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  1. #1
    Jason Holtzapple
    Guest

    Audio archive server

    I think your ability to do this is going to depend
    on several factors and it's not easy to answer.

    This is why sometimes it is easier for a machine
    that's not mission-critical to use a cold mirror
    instead of a more complex RAID.

    I just sync up the mirror disk nightly with rsync
    (similar tools like unison are available for Windows).
    This means that at the most you lose 1 day's worth
    of changes to your data. The mirror disk is really
    just a plain disk with regular file systems that
    you can mount and use in any machine.

    --Jason

    --- Todd Fields <jtfields91 (AT) yahoo (DOT) com> wrote:
    >
    > --- Jason Holtzapple <jasonholtzapple (AT) yahoo (DOT) com>
    > wrote:
    > > I would definitely consider a mirror (either RAID 1
    > > or
    > > cold mirror w/rsync) instead of RAID 0. It is twice

    >
    > I've been using RAID 0 on my last three systems. It
    > finally bit me when my latest motherboard failed. I
    > bought a new motherboard but because it does not have
    > the same RAID controller I cannot get any of the
    > information from the drives. Luckily I had backed up
    > my 80GB of music but there were some files on there
    > that were not backed upn (although nothing critical.)
    >
    > I'm not sure if I had been running RAID 1 if I would
    > still be in the same boat or not. Can you take a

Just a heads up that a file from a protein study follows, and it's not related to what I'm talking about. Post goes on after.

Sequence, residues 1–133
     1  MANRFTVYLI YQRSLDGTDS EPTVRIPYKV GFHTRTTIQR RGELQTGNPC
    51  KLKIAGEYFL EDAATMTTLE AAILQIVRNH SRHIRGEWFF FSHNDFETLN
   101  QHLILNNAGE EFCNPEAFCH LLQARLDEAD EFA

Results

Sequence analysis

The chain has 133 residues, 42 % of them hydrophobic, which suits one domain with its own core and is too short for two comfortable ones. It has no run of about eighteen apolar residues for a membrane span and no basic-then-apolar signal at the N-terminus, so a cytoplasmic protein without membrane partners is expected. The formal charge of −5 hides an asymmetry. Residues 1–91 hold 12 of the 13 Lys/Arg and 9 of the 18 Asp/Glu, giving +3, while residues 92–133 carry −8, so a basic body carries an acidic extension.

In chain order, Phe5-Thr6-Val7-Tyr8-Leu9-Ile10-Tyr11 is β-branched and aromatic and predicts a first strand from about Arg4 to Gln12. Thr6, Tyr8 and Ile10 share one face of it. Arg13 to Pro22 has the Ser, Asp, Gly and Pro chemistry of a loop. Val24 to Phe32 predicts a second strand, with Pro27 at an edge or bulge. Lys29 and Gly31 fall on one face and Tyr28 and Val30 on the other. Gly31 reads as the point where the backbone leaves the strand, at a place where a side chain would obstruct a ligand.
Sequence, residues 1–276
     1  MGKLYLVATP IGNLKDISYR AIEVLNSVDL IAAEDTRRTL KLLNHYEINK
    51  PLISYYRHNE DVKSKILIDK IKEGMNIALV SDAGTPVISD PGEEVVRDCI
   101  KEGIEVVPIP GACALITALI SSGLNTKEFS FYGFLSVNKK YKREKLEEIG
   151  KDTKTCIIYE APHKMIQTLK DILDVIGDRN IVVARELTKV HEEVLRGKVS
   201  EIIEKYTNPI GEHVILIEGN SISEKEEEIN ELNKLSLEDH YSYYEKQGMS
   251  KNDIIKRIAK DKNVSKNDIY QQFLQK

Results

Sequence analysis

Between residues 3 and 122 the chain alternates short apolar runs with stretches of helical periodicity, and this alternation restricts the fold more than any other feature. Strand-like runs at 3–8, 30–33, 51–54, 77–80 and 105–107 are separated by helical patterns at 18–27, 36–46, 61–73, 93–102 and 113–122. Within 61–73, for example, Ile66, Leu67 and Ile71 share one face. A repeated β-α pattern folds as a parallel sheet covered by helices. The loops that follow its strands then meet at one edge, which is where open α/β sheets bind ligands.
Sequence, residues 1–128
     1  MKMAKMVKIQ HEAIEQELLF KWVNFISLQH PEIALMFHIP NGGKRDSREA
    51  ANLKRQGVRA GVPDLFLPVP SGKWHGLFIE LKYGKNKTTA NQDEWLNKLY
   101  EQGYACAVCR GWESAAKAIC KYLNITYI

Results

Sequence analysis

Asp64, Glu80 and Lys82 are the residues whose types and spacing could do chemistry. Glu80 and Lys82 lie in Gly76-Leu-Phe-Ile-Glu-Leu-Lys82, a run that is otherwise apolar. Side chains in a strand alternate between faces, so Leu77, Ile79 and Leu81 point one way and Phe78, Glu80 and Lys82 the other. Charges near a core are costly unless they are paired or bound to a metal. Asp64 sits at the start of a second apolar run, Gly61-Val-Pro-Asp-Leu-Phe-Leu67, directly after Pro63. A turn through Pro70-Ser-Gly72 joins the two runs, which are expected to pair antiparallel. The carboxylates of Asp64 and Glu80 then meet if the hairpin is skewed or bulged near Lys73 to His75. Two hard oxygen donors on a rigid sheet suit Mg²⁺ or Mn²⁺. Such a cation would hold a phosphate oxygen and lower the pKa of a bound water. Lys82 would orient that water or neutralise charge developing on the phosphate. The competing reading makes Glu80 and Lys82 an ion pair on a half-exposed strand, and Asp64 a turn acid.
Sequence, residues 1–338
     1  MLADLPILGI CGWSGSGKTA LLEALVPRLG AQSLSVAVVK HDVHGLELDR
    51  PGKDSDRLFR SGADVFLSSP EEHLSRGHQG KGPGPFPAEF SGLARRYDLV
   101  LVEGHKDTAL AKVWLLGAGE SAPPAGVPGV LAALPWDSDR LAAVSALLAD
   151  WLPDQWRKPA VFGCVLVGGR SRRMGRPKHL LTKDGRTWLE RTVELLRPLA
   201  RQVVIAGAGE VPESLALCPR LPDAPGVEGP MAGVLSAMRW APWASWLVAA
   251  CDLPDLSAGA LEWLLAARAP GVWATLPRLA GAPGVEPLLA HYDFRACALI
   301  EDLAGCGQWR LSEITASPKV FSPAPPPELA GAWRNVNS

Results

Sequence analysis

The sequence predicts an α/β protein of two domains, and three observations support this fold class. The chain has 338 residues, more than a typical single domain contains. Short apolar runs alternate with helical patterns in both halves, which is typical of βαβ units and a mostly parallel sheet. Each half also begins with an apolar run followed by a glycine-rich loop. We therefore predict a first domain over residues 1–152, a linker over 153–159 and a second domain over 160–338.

> drive that was in a RAID 1 and just plug it into any
    > IDE channel and access the data or once it's been put
    > into an array do you need the RAID controller to
    > access the drive?


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  2. #2
    Peter Speck
    Guest

    Audio archive server

    On 31/12-2003, at 23:09, Jason Holtzapple wrote:

    > I think your ability to do this is going to depend
    > on several factors and it's not easy to answer.
    >
    > This is why sometimes it is easier for a machine
    > that's not mission-critical to use a cold mirror
    > instead of a more complex RAID.
    >
    > I just sync up the mirror disk nightly with rsync
    > (similar tools like unison are available for Windows).
    > This means that at the most you lose 1 day's worth
    > of changes to your data. The mirror disk is really
    > just a plain disk with regular file systems that
    > you can mount and use in any machine.


    I second this. From my experience, this makes it much easier to handle
    the data.

    You might even consider a real-cold mirror: take the backup disk
    offline, or ensure the server spins it down when it is not used. Many
    cheap disks are not able to run 24/7 without breaking down a little too
    quickly.

    Ensure the disks don't get hot: that reduces lifetime a lot. I tried
    putting my server in a small closet, but it became too hot.

    For my 4000 tracks, the slimserver uses 26 MB ram.

    ----
    - Peter Speck

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